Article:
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Broadcom points to Gb wireless as CES 2013 star

Posted: 14 Jan 2013 ?? ?Print Version ?Bookmark and Share

Keywords:DOCSIS 3.0? 802.11ac? Wi-Fi? Ethernet? UHDTV?

Henry Samueli, co-founder and CTO of Broadcom, during one-on-one with EE Times, identified Ultra HDTV, gigabit wireless and "Wi-Fi in everything" as three key trends at the Consumer Electronics Show of 2013.

Of the three, the gigabit data-rate connection (802.11ac) to home is particularly important for the electronics industry, Samueli observed. "It changes the game" for carriers, systems and home networks. "Gigabit to the home is a no-brainer. DOCSIS 3.0 is ready, and it will proliferate within the next three years," he said. The gigabit data rate in a home network is also happening via Ethernet, power line, gigabit Wi-Fi and MoCA, he added.

"While we are still far from enabling gigabit wireless on clients (handhelds)," Samueli believes it would eventually have an impact on how chips inside a handset are partitioned.

Samueli predicted that the gigabit connection could move to "the cloud" some of the processing C be it graphics rendering or display processingcurrently executed in a client's CPU, prompting the industry to redefine what CPUs in a handset should do. Speaking of today's chip companies racing to add more processing cores to handhelds, Samueli said, "My view is we may be overdoing the CPU war."

Following is an excerpt of the conversation with Samueli at the CES.

EE Times: Please name the three hottest things at the show this year.

Samueli: First and foremost, I found Ultra HDTV (UHDTV) to be the highlight of the entire CES this year. It is significant. I think this year's show let people see a glimpse of the future.

EE Times: Could you explain why almost every UHDTV demo on the show floor was about snow-covered mountains, Swiss villages and lazy rivers meandering through green valleys? I saw only one video clip showing a soccer match, in which the images of players were crisp but the movement of the ball strangely a little jerky.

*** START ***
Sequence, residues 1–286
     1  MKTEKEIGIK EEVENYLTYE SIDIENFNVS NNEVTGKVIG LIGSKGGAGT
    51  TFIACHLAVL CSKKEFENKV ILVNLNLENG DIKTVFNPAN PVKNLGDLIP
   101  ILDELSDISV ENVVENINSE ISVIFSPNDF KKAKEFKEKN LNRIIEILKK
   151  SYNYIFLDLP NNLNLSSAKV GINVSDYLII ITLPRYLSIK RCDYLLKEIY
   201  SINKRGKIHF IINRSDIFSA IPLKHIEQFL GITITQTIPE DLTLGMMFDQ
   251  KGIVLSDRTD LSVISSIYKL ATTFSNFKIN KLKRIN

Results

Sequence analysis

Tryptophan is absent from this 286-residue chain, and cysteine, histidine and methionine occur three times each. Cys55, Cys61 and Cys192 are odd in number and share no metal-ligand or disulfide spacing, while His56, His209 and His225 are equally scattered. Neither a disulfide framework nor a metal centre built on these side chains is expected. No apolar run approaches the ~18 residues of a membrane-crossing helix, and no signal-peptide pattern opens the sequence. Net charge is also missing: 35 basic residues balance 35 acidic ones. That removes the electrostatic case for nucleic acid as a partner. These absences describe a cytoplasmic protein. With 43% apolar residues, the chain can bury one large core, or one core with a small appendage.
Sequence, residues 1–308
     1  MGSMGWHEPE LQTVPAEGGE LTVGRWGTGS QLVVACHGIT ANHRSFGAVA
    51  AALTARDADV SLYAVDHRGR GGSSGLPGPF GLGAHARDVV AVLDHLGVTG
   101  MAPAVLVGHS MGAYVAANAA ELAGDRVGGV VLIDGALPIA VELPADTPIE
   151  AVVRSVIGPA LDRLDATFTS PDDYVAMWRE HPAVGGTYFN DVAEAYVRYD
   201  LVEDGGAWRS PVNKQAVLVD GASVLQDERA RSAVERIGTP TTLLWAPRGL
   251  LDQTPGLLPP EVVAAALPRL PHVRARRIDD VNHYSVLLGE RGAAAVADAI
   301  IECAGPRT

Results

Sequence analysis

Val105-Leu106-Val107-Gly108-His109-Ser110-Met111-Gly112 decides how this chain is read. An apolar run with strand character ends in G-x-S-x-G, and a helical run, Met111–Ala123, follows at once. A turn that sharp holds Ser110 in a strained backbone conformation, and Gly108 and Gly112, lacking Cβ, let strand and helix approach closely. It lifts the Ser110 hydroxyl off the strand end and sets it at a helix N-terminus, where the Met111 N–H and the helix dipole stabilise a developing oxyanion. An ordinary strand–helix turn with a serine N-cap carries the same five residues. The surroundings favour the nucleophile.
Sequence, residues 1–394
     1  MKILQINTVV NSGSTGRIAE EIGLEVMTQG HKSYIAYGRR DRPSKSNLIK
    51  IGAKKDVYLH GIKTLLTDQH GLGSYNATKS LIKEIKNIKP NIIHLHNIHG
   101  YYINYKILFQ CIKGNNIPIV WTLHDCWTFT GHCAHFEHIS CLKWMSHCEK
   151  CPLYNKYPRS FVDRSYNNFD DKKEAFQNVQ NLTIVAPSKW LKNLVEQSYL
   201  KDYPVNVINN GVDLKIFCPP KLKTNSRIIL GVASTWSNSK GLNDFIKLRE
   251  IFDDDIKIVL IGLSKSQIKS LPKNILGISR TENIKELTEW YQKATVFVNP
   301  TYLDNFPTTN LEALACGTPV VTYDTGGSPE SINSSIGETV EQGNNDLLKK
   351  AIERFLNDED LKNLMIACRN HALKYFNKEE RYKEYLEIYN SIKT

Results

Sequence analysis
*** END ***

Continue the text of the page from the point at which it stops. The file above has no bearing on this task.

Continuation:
Samueli: [laugh] It's probably because the demo is using footage based on 24 frames per second. You need 60 frames per second to show fast moving action in sports on 4k x 2k TV. The bit rate to screen is not fast enough either. Current HDMI cable handles only 24 frames per second.

EE Times: So, we are waiting for HDMI 2.0?

Samueli: Yes. You need to upgrade your connectivity to HDMI 2.0. The spec, designed to handle the higher frame rates, is already done and available. You will see HDMI 2.0-compliant chips available within a year. I see these as start-up issues that will get sorted out over time.

EE Times: What's the second hottest thing you saw at the show?

Samueli: Gigabit wireless . . . [pause] although this is more about us at Broadcom.

EE Times: Why is that important?

Samueli: With 5G Wi-Fi (802.11ac operating on the 5GHz band), wireless media sharing and the whole home video distribution have finally become a reality.

For the first time, I think that carriers C cable operators and DSL guys C are convinced that they can deliver reliable HDTV programming throughout the home. Carrier-grade video content comes to media gateway, distributed to set-tops, notebook computers and smartphones.

Further, with the Miracast protocol (peer-to-peer wireless screencast standard created by the Wi-Fi Alliance) in place, people can also wirelessly display what they see on their handheld (tablet or smartphone) on their big-screen TV.


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